If any average person were to imagine a dancer, the “diva” cliché may come to mind – self-centered, self-interested and self-aggrandizing. Yet, time and time again, dancers and dance organizations defy this stereotype by giving back (locally or toward more widespread charitable efforts). Dance art can be a platform for raising funds, awareness, community and solidarity around a particular issue.
Ballet artists Janelle Gilchrist and Rick Vigo, along with dance photographer Bill Parsons and the dance collective The Dance Complex, offered time and talent in this way toward Girls Chronically Rock (GCR). GCR is a fashion LLC focusing on destigmatizing chronic illness and disability, offering a platform for women with chronic illness or disability to share their stories, and supporting these women in the ways they may need it.
Dance Informa spoke with Keisha Greaves, GCR founder and director, to learn more about her mission and alliances with Boston dance. Greaves started GCR when she was finally ready to speak out about her diagnosis of Muscular Dystrophy, as a means to help improve the lives of people like her living with disability or chronic illness.
This past July 1 and 15, Greaves, Parsons and the two ballet dancers shot photos with Girls Chronically Rock shirts. Also modeling were a few friends of Greaves who are wheelchair users. Thus, the photo project embraced models at all levels of mobility and physical ability.
Those participants posted teaser photos on social media with hashtags like “#mydisabilitydoesntdefineme” and “#doesmywheelchairmakemybuttlookbig”.
Such messages are both witty and challenge social conventions of “otherness” around disability.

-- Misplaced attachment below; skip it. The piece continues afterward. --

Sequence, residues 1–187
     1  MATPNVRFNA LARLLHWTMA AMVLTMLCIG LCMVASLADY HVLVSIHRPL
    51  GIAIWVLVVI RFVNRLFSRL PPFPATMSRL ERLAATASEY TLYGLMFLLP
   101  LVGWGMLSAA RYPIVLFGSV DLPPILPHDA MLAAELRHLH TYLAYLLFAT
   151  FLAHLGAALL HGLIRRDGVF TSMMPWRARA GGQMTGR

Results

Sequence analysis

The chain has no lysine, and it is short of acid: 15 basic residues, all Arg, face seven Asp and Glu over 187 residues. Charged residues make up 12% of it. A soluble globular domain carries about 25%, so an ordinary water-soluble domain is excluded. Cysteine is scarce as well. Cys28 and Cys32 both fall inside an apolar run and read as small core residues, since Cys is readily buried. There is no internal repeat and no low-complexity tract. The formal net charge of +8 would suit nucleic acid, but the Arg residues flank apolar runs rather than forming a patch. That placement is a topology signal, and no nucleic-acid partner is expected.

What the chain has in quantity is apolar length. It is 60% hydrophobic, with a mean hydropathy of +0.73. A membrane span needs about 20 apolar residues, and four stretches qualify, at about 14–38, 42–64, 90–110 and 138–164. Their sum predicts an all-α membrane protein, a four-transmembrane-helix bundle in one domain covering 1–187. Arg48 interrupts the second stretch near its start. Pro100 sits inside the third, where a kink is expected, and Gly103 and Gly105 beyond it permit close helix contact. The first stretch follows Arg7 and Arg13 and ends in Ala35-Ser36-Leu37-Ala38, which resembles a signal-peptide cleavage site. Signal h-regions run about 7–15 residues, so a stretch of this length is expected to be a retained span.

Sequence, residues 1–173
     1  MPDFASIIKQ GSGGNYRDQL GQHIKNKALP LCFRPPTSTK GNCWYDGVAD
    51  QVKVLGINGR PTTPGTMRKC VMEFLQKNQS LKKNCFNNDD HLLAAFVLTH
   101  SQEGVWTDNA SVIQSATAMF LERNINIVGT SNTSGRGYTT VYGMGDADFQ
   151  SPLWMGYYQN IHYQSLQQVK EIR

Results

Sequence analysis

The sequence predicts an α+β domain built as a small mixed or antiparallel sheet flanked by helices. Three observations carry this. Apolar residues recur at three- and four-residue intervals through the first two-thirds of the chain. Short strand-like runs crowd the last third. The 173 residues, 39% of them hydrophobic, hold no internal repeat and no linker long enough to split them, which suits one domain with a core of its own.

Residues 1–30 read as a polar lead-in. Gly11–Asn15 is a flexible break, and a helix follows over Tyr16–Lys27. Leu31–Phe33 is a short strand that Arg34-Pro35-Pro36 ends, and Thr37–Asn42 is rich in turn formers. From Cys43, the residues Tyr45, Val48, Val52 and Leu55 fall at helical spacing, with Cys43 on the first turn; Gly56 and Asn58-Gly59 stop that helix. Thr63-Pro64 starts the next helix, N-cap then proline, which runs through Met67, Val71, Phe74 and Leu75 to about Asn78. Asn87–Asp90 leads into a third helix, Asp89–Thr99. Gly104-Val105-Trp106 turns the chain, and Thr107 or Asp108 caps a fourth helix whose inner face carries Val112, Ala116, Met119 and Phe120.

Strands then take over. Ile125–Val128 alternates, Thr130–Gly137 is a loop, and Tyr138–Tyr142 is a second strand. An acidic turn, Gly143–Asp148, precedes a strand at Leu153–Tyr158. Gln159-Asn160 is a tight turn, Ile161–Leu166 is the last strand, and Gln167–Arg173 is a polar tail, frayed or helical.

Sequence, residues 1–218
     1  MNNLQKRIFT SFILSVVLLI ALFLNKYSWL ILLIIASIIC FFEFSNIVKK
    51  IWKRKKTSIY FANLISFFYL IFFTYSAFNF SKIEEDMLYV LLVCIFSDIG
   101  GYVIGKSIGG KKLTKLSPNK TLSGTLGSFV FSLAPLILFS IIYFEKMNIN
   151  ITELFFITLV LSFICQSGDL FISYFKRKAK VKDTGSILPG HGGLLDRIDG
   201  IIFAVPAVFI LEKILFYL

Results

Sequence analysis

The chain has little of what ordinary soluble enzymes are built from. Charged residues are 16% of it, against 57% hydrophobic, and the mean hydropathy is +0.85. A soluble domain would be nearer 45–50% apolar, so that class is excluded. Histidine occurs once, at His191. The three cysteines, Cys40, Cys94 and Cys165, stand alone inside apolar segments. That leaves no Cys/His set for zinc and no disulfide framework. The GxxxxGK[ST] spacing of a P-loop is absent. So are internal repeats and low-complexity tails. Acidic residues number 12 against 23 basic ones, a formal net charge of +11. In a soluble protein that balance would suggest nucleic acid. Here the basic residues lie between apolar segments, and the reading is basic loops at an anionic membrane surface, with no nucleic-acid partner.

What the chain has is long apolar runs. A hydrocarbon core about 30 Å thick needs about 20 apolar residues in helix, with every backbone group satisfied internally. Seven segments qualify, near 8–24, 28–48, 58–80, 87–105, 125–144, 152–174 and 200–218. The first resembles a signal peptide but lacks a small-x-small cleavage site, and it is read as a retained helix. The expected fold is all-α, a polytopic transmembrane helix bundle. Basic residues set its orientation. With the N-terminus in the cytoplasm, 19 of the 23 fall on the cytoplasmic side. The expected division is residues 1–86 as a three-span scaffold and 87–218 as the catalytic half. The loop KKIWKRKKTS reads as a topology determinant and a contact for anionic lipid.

On July 1, the group shot above a set of railroad tracks (given challenges with getting down stairs to the tracks with the wheelchairs), as well as in Graffiti Alley (a fully-painted alley in Cambridge’s Central Square). On July 15, they shot in a studio at The Dance Complex (also in Central Square). The organization donated space to the effort. Models wore Girls Chronically Rock shirts, all Greaves’s designs. The photos will be released soon on social media as part of a GCR marketing campaign.
Greaves is savvy in general when it comes to social media marketing for her designs, which also include jewelery with positive messages inscribed. She hopes to soon expand her line with more shirts proclaiming positive, inspirational messages around disability and chronic illness. T-shirt designs currently include the phrases “Chronically dope” and “Embrace your dopeness”. “I always tag Target and fashion magazines where I’d love to see my designs sold,” Greaves reveals. She’s also mindful about smart hashtag use.
Greaves additionally uses Instagram’s “story” function two to three times daily, to keep followers updated on what’s happening with her and GCR. She also makes sure to update links in her bio to include those that are currently most meaningful. These seem to be key social media strategies for dancers and dancemakers as well!
Greaves hopes to continue doing shoots. What might she have learned from these shoots, her first ever for GCR? “I think I can organize and plan out shoots a bit more beforehand,” she says, although explaining that all did go fairly smoothly with these two shoots.
Greaves also hopes to work herself into the podcasting and blogging worlds – of course spreading the word about these offerings through her social media know-how. Another idea she’s excited about is a documentary series about the everyday lives of herself and her friends living with disability and chronic illness.
As another dance world connection, Greaves says she might also someday collaborate with Boston’s Abilities Dance. For Greaves, the company’s Founder and Director Ellice Patterson is a friend and ally in efforts to raise disability/chronic illness awareness and lower the stigma around these conditions. It’s one more example of how dancers, dancemakers and dance entities can be part of efforts to make the world a more inclusive and more just place, one issue and one community at a time.
By Kathryn Boland of Dance Informa.